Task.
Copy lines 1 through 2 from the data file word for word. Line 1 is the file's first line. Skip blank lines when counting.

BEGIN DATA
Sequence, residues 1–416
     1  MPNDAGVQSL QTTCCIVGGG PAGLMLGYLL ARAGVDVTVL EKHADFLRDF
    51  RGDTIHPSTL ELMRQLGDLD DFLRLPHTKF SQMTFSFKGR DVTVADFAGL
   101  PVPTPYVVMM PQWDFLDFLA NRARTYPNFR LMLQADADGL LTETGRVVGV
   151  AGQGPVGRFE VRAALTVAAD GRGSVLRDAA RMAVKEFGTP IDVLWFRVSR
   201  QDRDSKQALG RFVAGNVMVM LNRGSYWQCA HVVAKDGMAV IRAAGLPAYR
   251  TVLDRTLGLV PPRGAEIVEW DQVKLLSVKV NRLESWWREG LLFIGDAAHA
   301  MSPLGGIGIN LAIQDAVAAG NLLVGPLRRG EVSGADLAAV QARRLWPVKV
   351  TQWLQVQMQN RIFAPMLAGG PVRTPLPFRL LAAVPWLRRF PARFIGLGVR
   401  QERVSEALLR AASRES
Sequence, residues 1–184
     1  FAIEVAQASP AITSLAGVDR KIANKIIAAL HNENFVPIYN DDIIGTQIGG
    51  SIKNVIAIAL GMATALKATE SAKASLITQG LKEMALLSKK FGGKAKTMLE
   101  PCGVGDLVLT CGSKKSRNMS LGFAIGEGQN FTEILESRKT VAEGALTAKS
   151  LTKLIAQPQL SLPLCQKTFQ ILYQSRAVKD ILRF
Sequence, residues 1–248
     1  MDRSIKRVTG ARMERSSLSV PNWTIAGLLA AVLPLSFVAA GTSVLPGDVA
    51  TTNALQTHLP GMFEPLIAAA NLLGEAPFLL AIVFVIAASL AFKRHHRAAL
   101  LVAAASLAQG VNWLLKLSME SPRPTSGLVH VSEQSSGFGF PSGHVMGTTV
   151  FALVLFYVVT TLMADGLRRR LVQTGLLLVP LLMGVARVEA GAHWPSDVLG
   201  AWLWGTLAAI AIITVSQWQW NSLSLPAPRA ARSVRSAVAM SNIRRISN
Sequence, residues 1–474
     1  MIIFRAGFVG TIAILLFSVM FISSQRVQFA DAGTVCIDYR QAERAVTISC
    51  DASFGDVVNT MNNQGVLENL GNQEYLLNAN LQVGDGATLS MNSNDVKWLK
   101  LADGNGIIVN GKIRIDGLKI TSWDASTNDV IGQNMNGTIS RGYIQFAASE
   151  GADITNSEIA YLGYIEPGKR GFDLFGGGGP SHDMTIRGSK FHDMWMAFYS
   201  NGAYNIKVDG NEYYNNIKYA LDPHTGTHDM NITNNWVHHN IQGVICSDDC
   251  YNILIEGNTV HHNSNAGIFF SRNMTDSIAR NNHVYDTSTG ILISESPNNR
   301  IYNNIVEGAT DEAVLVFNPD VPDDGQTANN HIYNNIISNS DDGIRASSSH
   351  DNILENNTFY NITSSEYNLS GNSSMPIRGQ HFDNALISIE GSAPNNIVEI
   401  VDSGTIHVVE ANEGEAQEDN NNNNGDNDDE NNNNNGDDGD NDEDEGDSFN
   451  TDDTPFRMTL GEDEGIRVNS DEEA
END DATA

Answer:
Sequence, residues 1–416
     1  MPNDAGVQSL QTTCCIVGGG PAGLMLGYLL ARAGVDVTVL EKHADFLRDF